Okay, so if you’re anything like me, when you hear the words country music, your stomach tightens up and you reflexively control a gag. Not because you hate country music, far from it, you’re just pretty damn sure what they play on so-called country radio and what seems to be coming out of Nashville these days is about as far from country music as, say, Hank Williams, Sr. is to heavy metal.
Yes, I invoked the hillbilly troubadour. He, along with the likes of Loretta Lynn, Jimmie Rodgers, Johnny Cash, Merle Haggard, The Carter Family and all the outlaws, hillbillies and what-not are real country music. If all you did was listen to the radio, you’d have no idea that there are bands out there today who carry on the legacy – I’m going to give you a primer on where you should start to build your anti-Nashville collection.
Leave it to a progeny of the Williams line to once again carry the torch leading country music to a different way. Williams, Sr. infused deep-southern blues into his playing, radical at the time, bringing the music of the southern delta to a whole new audience. In that same line stands Shelton “Hank” Williams, III.
III is the undisputed king of the movement away from Nashville with his now near legendary fight with monolithic Nashville label – Curb Records. I won’t go into the details of all that, as it’s as much fiction as it is fact in its retelling these days. Suffice to say the label and the artist didn’t see things eye to eye.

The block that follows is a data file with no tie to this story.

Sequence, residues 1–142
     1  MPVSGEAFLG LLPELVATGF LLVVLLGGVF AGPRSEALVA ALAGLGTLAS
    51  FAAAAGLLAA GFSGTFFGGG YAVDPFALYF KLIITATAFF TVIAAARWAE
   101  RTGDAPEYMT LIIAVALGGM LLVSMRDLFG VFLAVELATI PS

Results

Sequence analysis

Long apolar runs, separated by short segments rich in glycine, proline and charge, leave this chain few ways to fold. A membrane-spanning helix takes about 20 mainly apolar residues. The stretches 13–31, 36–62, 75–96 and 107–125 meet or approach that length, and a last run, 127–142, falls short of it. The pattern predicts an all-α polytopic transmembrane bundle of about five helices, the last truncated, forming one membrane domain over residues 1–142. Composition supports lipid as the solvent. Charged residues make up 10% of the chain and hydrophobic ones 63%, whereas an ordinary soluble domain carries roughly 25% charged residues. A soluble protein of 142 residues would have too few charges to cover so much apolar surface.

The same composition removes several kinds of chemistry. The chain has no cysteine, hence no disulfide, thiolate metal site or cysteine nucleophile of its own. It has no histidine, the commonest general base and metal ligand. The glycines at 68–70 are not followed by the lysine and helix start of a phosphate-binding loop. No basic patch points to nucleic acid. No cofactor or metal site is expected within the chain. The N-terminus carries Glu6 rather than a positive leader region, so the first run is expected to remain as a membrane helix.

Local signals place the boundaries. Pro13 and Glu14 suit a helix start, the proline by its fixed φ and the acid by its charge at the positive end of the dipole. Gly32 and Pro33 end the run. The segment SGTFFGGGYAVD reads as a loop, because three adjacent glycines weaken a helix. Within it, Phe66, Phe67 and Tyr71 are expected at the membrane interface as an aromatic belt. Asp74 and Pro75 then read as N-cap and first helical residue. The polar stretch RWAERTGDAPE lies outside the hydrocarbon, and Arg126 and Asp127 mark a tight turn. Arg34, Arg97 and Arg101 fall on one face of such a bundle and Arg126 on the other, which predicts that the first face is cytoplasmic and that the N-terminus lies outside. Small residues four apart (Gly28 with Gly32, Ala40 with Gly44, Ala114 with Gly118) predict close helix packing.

See, III also thought the country music out there was a “buncha fuckin shit to me!” III wanted to do things his way, the way it was done in the past, honest music for honest people. So far, it’s worked with three successful releases under his belt. Start out with III’s second release, Lovesick, Broke and Driftin. It’s closer to what III has said he wanted to do but still has the touch of “Nashville” on it. This will get you good and prepared for what is III’s strongest release to-date – Straight to Hell.
Straight to Hell is the album III wanted to release, it was done his way, with his players, at his studio. Hell, Curb records even made a new “label” (Bruc) to release Straight to Hell. Then pick up Risin Outlaw, the first official release. Risin Outlaw is definitely a good album but it’s easy to see that III was still abit innocent to the dark forces of Nashvilles and didn’t have anywhere near the clout in the industry he does today. If for no other reason, Risin Outlaw is worth the cost for the last track on the album, “Blue Devil.” If you like Hank Williams, Sr. “Blue Devil” will give you chills.
Next up is Wayne Hancock, the man Hank Williams, III has said sounds more like his granddaddy then anyone he’s ever heard.
When Hancock released Thunderstoms and Neon Signs back in 1995, I think just about everyone who heard it thought to themselves “Who the hell is this?” Seriously, both stylistically and vocally, Hancock sounded like someone who shared the stage with Williams, Sr. “There’s some big black clouds rollin in from the west/I’ve been driving all day, lord I sure could use a rest./There’s a motel up-a-head where I can unwind/Cause I sure love them Thunderstorms and neon signs.” Long gone, by this time, was the standard 1-4-5 chord progressions in modern country music but here it was in Hancock’s music – all over the place. If you had grown up listening to old country music, you immediately recognized what Hancock was doing and it felt as right as a summer rain. “Thunderstorm and Neon Signs,” the song, follows the very easy E-A-B7 chord structure and progression, so typical in country music.